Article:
Following graduation in 1986, I practiced general dentistry for 3 years. I returned to USC in 1990 for my advanced endodontics residency and received my endodontics certificate in 1992. From 1992 until 1998, I served on the faculty of the Department of Endodontics at USC, serving as assistant director of graduate endodontics. Concurrently, I maintained a private practice limited to endodontics in San Marino, Calif., until my retirement from practice in 2018. I returned to USC in 2013 and am currently an associate professor of clinical dentistry in the Division of Endodontics and Orthodontics, working primarily with advanced endodontic residents. In addition, I have a longstanding relationship with the American Association of Endodontists, serving on its board of directors, as a Trustee of the AAE Foundation, and most currently as the Vice President of the Association. My presidency will begin in 2023.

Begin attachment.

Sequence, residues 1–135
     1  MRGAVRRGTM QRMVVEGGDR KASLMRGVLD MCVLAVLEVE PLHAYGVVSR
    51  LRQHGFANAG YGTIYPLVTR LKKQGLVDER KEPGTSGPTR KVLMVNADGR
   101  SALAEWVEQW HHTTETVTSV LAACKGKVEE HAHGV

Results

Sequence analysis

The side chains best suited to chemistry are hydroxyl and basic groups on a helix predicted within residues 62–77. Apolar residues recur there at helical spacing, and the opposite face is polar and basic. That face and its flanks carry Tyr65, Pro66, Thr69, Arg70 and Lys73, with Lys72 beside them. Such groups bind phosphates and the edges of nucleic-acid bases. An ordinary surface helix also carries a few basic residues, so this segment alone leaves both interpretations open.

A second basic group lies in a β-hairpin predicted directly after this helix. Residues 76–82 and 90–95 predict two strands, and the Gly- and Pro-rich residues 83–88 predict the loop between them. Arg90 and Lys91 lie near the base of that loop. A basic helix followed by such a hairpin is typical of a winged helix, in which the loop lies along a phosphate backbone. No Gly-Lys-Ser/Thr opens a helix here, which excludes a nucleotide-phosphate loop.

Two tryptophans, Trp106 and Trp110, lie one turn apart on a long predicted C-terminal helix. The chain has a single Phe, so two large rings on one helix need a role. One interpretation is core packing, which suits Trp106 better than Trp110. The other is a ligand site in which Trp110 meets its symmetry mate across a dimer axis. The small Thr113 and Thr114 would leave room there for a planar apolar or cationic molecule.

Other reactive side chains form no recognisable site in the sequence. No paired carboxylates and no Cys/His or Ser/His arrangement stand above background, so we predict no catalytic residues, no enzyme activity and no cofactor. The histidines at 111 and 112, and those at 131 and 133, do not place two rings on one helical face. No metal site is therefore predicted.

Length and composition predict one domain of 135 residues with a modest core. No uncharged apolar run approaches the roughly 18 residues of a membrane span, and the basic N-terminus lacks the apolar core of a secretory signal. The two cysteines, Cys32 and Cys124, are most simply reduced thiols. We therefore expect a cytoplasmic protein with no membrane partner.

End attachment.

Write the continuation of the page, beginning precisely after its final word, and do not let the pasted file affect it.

What about your USC dental education made the biggest impact on your career?

I came to USC because of its reputation as being the finest dental school in the world and for producing the best clinical dentists. From day one, our faculty had extremely high expectations of us and expected us to work extremely hard to achieve excellence. They instilled in us the importance of a strong work ethic, high moral values, an attention to detail and a striving for professional and technical excellence. Mediocrity was not an option. The four years were difficult and grueling. Leaving the school at midnight only to return at 8 a.m. the next morning was not uncommon. But in the end, we were competent and confident and ready to practice dentistry at its highest level. It was the discipline and knowledge I had achieved at USC that carried my through my successful careers as a dentist, endodontist, educator and leader in dentistry. I am extremely grateful for the exemplary education I received and for my ability and inclination to give back to my profession.